The major differences were in the set, costumes and lighting design. The Met used nearly the entire stage to depict the interior of The Polka Inn while Lyric’s smaller set was centered in the middle of the stage and showed the inn’s exterior as the opening curtain rose while the remaining half showing the rocky landscape.
Set Design—When Lyric’s set opened, the Polka Inn had a cramped feeling that proved too small for all the miners onstage. The saloon’s smaller set proved a greater disadvantage in the second act, when only half the set had to serve as the entirety of Minnie’s cabin. The Met’s cabin, meanwhile, was twice as large and more appropriate for all the props and action that take place during the act. Advantage—The Met
Costumes revealed another major difference. The Met production had the miners in more authentic western garb with checked shirts, bandanas and vests. At Lyric, while the miners sported appropriate garb, it was strange to see the bandit Ramerrez and sheriff Jack Rance clothed in knee-length overcoats, outfits more appropriate for landed gentry than cowboys. Advantage—The Met
Finally, the lighting design at Lyric was dark and much too somber compared to the Met’s brighter palette. It was nearly impossible to make out the miners at the opening curtain entering from Stage Right or to see Ramerrez flee outdoors in the second act to avoid capture. Both the Met and Lyric productions featured the majestic Sierra Mountains in the background; the Met, however, effectively spotlit the snowy peaks in the second act onward while they remained in darkness at Lyric until the last act. For a story in which nature and the harsh landscape are a key backdrop and in which the Sierras cover the entire rear of Lyric’s stage, it seemed the lighting was not used to best effect. Advantage—The Met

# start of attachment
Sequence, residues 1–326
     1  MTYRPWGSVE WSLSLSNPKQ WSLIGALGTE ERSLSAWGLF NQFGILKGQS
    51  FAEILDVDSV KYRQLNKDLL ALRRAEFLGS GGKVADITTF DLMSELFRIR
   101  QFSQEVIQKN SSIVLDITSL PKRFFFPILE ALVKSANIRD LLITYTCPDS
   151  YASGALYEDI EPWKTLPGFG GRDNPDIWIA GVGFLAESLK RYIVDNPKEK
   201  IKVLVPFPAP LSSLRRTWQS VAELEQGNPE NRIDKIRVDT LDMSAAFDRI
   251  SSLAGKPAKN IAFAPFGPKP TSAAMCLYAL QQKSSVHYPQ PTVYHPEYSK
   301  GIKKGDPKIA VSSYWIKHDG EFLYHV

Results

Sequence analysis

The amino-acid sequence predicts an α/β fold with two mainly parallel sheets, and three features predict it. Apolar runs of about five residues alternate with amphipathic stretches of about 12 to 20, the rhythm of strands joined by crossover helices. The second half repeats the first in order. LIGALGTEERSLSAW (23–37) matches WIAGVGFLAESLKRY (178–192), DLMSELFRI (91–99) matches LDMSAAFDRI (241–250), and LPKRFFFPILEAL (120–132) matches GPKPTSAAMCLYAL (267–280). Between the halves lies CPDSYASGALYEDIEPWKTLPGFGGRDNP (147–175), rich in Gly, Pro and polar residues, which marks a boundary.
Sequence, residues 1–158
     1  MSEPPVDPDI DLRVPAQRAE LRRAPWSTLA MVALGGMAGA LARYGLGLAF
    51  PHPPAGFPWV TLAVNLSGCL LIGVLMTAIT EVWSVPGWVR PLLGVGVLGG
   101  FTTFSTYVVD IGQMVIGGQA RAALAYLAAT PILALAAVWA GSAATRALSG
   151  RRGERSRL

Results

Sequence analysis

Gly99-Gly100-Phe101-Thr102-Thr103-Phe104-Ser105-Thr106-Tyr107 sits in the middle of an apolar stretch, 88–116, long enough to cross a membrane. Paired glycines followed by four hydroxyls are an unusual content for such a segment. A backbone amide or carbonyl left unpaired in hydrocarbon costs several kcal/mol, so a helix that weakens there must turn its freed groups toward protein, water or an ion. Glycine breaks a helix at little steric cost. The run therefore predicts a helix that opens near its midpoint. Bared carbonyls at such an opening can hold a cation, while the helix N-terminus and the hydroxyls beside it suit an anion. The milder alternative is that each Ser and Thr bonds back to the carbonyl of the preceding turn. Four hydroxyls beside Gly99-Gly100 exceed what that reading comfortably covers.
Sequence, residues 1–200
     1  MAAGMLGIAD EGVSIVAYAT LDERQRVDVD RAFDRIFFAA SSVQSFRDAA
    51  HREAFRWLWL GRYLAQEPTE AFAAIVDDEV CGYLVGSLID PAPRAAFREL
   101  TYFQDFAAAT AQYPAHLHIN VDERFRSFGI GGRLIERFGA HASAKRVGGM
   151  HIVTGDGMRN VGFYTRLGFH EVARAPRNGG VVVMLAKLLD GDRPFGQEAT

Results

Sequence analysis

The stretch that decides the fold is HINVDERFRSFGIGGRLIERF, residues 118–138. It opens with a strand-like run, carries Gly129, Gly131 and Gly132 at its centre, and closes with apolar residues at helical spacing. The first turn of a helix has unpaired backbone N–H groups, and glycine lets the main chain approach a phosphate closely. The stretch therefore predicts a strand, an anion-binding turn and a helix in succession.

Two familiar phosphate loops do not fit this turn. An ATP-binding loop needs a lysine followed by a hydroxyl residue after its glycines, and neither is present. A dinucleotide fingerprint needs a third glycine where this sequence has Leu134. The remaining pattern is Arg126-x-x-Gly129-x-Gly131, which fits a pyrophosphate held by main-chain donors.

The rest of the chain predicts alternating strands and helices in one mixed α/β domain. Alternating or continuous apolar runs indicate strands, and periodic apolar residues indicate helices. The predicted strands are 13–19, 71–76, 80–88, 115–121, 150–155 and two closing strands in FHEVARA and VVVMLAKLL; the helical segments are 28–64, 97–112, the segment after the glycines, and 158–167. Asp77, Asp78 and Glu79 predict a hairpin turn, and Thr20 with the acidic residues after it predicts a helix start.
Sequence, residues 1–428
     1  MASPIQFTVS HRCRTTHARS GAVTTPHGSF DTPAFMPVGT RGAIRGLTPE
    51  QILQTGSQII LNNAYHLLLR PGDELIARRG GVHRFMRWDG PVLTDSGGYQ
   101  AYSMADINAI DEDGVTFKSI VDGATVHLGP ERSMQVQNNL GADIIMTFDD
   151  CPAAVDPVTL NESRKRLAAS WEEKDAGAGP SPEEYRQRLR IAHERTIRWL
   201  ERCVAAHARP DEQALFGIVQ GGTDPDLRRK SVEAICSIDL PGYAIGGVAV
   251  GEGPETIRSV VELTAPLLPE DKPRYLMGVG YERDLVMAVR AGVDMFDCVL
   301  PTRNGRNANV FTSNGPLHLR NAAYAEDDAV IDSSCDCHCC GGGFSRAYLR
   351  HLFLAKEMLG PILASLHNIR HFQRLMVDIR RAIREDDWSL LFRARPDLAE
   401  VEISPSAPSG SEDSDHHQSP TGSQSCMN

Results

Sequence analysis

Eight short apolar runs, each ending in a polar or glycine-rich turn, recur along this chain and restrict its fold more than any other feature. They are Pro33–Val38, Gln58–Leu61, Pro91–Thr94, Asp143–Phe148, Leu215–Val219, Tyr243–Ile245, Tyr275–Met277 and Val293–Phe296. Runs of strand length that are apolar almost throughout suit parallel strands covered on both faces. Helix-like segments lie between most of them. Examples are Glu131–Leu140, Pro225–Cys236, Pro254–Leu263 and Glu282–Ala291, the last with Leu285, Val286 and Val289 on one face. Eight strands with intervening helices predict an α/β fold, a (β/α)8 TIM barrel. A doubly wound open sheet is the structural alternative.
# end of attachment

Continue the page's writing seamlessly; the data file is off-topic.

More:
Singers—Though music lovers and critics care most about this category, I placed it last because Deborah Voight and Marcello Giordani were in fine voice and delivered winning dramatic portrayals in both productions. However, in supporting roles, I preferred Lyric’s casting of Jack Rance and Jake Wallace. Marco Vratogna’s dark, baritone delivery was slightly better than that of Lucio Gallo in New York. And Paul Corona at Lyric gave a more ardent rendition of Jake Wallace’s nostalgic song of home. Advantage—Lyric
And give Lyric another point for Minnie’s show-stopping rescue of Ramerrez from the gallows. While she simply came running in at The Met, she enters atop an old-fashioned hand-pump railcar at Lyric and, with a single shot, severs the hanging rope in two, a feat that drew a gasp from the audience.
While I have been more critical of Lyric’s production, it has been in the supporting categories. I’ve had no qualms about the glorious singing, staging or the score. So, I’d urge that you don’t miss discovering the joy of this neglected Puccini score. Six more performances remain through February 21. For tickets, go to www.lyricopera.org.
The next Met Live HD production, John Adams’ “Nixon in China”, will be telecast on Saturday, February 12. For details and ticket sales, go to www.metopera.org.